The Student News Site of Fluvanna County High School

Photo Courtesy of Madison Fain

Navigating Masks in a Changing COVID World

February 28, 2022

After the Fluvanna school board voted to make masking optional in school a few weeks ago, students and staff may be reminded of a play on Shakespeare’s famous question– namely, “To mask, or not to mask?”


Personally, I am tired of wearing a mask every day, all day, but due to my having had COVID-19 in January along with the rest of my family (not a fun experience!) I am choosing to still wear a mask. Once I feel comfortable enough to not wear a mask in public, I won’t wear it in classrooms. But due to the continuing number of COVID-19 cases and the hundreds of students in the hallways, even then I will probably still wear one in the hallways to classes. 


There are many reasons to wear a mask. They help protect you and others. For some people, wearing a mask makes them feel more comfortable whether due to fears of COVID-19, or–for people like me who are shy–because you can hide behind them. 


On the other hand, however, not wearing a mask allows some students to focus better and be more comfortable in school. For some, masks are an unwelcome educational distraction in class, particularly for younger students who find that masks prevent them from learning the basics such as their ABCs, numbers, reading skills, and other skills that you will use your entire life. 


Here at the high school students, however, many students ripped off their masks the second they heard that they were optional. Personally, I don’t particularly like to wear the mask, but I am often around people for whom getting COVID-19 could be very dangerous, like my grandmother who is over 65, and my uncle who has some medical issues. So despite the inconvenience, I choose to still wear my mask to make it less likely that I could expose them to the virus. 


There is still a lot of controversy over whether or not wearing a mask in schools is a good thing or not. There are a lot of people who believe that wearing a mask does not protect you from getting the virus, particularly the Omicron strain, citing studies that have shown that cloth masks only reduce your chances of getting COVID-19 by as little as 5%. On the other hand, there are a lot of people who think that wearing a mask is very important, citing other studies which show that wearing a properly-fitted mask may reduce your chances of getting COVID-19 by 30-50%. As with so many aspects of the virus, it’s hard to know which studies to trust.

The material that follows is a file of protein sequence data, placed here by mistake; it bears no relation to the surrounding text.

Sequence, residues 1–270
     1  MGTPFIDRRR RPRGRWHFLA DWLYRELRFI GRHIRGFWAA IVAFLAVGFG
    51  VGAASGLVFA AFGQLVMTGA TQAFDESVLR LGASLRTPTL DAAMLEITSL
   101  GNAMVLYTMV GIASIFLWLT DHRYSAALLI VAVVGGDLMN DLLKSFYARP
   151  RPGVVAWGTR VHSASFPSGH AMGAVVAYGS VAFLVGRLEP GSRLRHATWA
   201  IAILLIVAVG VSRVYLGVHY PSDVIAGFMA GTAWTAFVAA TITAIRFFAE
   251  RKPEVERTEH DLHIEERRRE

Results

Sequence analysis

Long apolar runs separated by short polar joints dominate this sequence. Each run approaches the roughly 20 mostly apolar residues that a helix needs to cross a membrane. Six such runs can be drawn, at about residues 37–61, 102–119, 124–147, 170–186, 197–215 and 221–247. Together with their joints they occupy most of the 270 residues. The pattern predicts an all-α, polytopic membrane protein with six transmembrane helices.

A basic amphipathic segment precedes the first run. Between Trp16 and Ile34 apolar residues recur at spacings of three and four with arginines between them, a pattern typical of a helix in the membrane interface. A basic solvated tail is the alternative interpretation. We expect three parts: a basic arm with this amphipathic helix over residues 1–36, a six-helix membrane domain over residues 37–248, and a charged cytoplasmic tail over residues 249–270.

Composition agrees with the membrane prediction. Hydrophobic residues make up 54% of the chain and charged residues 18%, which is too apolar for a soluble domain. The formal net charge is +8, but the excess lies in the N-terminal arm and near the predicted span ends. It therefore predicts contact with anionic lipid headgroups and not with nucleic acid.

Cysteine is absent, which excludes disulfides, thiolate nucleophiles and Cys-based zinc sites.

The result has been that a lot of students remain conflicted about masks. For example, senior Mia Martinez said that she “wasn’t that excited” to hear about the board’s vote to make masks optional,  especially when they also got rid of contact tracing. “I prefer to have [my mask] on, because some of my family is older and immune-compromised, and I work with a lot of older people,” she said. However, she admits to being “kinda torn” on the issue. “On one hand, there could be a lot of people that are vaccinated, and on the other hand, we are concentrated in small classrooms,” she said.

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About the Contributor
Photo of Molly Pace
Molly Pace, Senior editor

Molly is in 12th grade, this is her 3rd year in Journalism. She manages the varsity football team and she loves to cook. After college she wants to be...

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